There is a song for every moment, including the frequent moments in Brazzaville, Congo’s capital, and Kinshasa, the Democratic Republic of Congo’s capital, where espousing an extravagant fashion sense is a way of life for a certain group of individuals.
This is the part where a Papa Wemba song is cued. Red velvet curtains are lifted and out comes a row of men and women dressed to the nines, each boasting a different colored suit, hat, cane, luxurious designer loafers, sunglasses and a distinct walking style that is the perfect synonym for energy, passion and enthusiasm.
In all these features they are communicating, their audience left in awe.
These men are Sapeurs and the women Sapeuses, and they have come to slay.
Sapeurs are part of the Société des Ambianceurs et des Personnes Élégantes, or if you like, the Society for the Advancement of Elegant People. If either feels too long for pronunciation or memory, you may simply say La Sapé. La Sapé isn’t just a moment of fashion and exuberance. La Sapé is a lifestyle with origins in the late 19th century.
The Original Sapeur
Andre Matsoua as illustrated by Capu Toons
The record shows, and rightfully so, that Andre Matsoua was the godfather of Black African Sapeurs. Born in 1889 in ‘French’ Congo, Matsoua was one of a handful of Africans in both the colony and the continent who received a Western education before it was commonplace, curving himself a promising career as a churchman.
At the time – and as is the case today – literacy was continually fashioned for the elevation of the colonizers (strangers in Matsoua’s ancestral land), a knowledge system meant to oppress indigenous communities. This skewed state of affairs awakened something within Matsoua: curiosity, frustration and a burning desire to do something about it.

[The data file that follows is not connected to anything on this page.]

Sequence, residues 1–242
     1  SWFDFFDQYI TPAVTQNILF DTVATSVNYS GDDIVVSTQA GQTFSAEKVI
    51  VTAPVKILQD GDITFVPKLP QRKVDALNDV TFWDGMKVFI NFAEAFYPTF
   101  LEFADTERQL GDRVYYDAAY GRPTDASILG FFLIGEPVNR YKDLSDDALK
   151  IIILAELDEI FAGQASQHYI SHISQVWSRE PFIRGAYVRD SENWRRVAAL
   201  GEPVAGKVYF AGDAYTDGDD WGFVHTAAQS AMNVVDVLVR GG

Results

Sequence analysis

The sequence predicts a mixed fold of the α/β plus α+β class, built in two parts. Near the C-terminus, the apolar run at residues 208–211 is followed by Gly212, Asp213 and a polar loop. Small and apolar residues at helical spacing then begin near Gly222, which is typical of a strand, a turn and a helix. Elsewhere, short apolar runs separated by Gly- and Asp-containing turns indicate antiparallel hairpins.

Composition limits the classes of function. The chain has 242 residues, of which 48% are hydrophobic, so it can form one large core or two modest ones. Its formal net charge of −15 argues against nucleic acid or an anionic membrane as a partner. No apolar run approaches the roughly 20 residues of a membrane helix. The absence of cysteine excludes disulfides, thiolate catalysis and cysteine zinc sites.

And so Matsoua chose not to pursue his studies any further after attaining a basic qualification. He made his way to ‘French’ Morocco as one of the Senegalese Tirailleurs troops recruited to fight in the Rif War (1921–1926). After the war ended in 1926, Matsoua made his way to Paris, where he connected with other African immigrants from French colonies on the continent, and was ushered into the world of trade unions. In this political awakening, Matsoua saw the need to emancipate his home country from French rule, and together with other like-minded Africans formed Black-based trade unions.
Matsoua’s fire was likely fuelled by his learning that inequity and brutality were the order of the day in other African colonies. Needless to say, this regenerated his frustration and initial desire to seek change in the Congo.
That year, 1926, Matsoua conceptualized and started a movement to gain self-rule from France using peaceful means. The movement, L’Amicale des Originaires de l’Afrique Équatoriale Française (today known as Matsouanism), aimed to create an elite version of the status of the white man and effectively gain independence from France. Matsoua’s work and dedication came to be known by Africans in Congo who sent financial contributions to his cause, a project which they strongly believed was leading them on the road to independence.
The oppressor strikes
But Matsoua’s efforts were unexpectedly halted in 1929 when he was arrested and charged with exploiting Africans in ‘French’ Congo for their money. Matsoua was set to be tried in Brazzaville, and so he was deported to the Congo in 1930, where he faced colonial administrators at the Court of Brazzaville (according to Italian Fashion Photographer Daniele Tamagni, Matsoua was arrested while in Congo), accused of anti-colonialism.